For some reason several components and figures across the housing movement, and media stories too, have recently raised the outrage of the number of vacant and derelict residences in the country. This is both timely and overdue.

Timely because the state and the private sector have both shown, for all the fanfares and ‘returns to normality’, a paralysis about delivering the number of new houses needed. So common sense responds with, ‘Let’s get procuring, refurbishing and making available these vacant residences right now!’

Overdue because, while the housing movement was and is quite right to put at the top of its demands the need for public housing, built by the state and affordable for rent and purchase to working people, it is a bit of an anomaly that the solution to the housing crisis, building thousands of houses, would not be supplemented by an emergency programme of bringing vacant and derelict dwellings into use.

For three obvious reasons. One, the relative speed at which many vacancies – some even brand new, some local council flats and houses – could be deployed. Two, the avoidance of the waste of having these houses, flats, over-shop places, apartments, derelict buildings and sites, lying empty while building extra new-builds instead of utilising them. Three, the reduction in the energy, materials, new infrastructure and resultant emissions, in comparison to exclusively all-new builds, to address the other pervasive emergency, the climate and ecological one.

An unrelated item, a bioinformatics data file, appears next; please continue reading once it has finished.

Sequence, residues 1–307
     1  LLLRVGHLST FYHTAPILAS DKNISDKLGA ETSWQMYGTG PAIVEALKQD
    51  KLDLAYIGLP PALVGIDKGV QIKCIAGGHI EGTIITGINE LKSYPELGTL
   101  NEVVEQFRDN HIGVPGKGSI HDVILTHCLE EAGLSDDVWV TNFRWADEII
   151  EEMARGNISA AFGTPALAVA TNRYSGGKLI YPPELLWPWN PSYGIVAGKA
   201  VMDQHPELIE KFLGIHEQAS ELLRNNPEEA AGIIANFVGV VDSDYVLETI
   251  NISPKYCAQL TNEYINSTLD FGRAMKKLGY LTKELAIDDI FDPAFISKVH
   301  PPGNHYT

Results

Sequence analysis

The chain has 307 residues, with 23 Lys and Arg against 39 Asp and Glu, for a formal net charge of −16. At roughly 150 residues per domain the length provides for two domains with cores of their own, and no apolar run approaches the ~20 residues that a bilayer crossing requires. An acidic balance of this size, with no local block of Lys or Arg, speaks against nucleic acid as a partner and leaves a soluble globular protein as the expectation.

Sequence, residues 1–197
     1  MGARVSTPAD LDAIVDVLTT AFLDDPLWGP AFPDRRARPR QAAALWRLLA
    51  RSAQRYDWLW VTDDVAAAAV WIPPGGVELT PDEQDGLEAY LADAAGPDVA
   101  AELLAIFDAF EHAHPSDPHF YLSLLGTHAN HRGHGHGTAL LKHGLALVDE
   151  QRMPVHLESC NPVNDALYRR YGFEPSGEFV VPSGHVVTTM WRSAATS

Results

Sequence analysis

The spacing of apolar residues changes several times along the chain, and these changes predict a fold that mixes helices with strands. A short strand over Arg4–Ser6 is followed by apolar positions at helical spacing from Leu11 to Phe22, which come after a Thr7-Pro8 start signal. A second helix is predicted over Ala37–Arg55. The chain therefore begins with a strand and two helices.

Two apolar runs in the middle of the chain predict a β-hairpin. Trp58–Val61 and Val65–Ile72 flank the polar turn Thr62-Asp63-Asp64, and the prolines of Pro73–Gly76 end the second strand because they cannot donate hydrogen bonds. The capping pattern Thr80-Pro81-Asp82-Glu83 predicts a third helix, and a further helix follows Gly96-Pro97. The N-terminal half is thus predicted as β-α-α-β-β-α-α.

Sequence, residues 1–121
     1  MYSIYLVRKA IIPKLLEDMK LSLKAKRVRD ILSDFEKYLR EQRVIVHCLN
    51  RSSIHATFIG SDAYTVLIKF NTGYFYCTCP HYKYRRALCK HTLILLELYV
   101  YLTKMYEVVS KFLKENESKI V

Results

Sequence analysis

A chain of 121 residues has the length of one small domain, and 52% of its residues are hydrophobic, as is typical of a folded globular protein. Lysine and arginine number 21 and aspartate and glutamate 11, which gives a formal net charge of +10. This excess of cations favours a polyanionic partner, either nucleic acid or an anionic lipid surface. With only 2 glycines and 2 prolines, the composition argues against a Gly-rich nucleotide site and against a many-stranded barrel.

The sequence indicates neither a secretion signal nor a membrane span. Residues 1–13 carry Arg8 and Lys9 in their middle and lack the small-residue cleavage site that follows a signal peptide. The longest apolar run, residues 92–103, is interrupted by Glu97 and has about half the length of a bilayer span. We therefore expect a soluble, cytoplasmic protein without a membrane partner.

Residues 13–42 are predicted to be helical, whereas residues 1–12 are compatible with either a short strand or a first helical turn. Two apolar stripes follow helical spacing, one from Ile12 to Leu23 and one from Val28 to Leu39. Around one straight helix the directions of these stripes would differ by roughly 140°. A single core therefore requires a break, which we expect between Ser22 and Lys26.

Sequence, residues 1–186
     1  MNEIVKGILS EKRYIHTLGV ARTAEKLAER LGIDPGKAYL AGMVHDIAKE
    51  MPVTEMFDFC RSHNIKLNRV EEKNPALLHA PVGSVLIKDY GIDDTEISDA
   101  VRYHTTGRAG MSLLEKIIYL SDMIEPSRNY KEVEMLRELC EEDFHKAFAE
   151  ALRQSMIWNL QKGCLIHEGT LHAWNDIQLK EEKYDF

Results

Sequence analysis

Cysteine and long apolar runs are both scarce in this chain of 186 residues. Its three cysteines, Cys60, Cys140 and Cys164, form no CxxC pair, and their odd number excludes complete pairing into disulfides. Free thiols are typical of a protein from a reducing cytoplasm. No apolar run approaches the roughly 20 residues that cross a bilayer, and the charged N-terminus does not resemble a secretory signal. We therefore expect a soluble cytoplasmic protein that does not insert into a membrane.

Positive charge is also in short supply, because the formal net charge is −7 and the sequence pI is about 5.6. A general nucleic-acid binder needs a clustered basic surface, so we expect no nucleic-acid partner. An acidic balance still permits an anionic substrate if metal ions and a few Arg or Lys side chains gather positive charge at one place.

I believe that the recommissioning, the compulsory acquirement if necessary, and use of vacant and derelict dwellings – something that has hardly featured at all on some lists of aims and policies – should be bumped up near the top of the priority aims of the housing movement.  

https://www.buzz.ie/news/irish-news/grant-buy-renovate-derelict-properties-26013226?fbclid=IwAR1dQjb88pjKslf3rOx-Tk6ffn1ROtWnNMcGlKk85Oq67OY-oG65fqtt_mg

https://www.irishexaminer.com/news/arid-40787289.html

https://www.facebook.com/groups/416618381831880/permalink/1992243947602641/

https://www.facebook.com/groups/416618381831880/permalink/1995976103896092/

https://www.facebook.com/groups/416618381831880/permalink/1973460046147698/

https://www.irishtimes.com/news/ireland/irish-news/almost-20m-in-vacant-and-derelict-site-levies-owed-to-dublin-city-council-1.4773831?fbclid=IwAR3dT3Onx3tKjEgPyTCaHCmrArfgbz74yUkw1-mvahQzVSIrAkl5vdVoqg8